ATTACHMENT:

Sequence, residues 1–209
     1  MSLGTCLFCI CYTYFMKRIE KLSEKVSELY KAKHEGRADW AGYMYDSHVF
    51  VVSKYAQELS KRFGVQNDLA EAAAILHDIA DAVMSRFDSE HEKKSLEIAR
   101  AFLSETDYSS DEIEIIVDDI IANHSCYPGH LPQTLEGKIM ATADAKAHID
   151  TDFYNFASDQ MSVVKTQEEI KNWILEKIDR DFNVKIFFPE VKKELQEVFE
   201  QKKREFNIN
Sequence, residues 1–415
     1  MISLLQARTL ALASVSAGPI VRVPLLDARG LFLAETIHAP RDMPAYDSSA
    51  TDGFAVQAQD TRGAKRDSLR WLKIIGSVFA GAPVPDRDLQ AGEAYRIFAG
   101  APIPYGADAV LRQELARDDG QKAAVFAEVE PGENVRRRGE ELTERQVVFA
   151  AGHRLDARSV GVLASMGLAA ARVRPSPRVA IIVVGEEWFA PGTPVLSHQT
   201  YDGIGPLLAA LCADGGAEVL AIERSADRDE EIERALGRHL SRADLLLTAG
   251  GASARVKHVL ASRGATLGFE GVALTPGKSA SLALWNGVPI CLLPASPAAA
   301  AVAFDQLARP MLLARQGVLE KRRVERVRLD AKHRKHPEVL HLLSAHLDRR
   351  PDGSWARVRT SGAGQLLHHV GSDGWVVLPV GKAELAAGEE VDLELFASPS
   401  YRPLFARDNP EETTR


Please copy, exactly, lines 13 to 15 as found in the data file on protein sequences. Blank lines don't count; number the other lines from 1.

   251  GASARVKHVL ASRGATLGFE GVALTPGKSA SLALWNGVPI CLLPASPAAA
   301  AVAFDQLARP MLLARQGVLE KRRVERVRLD AKHRKHPEVL HLLSAHLDRR
   351  PDGSWARVRT SGAGQLLHHV GSDGWVVLPV GKAELAAGEE VDLELFASPS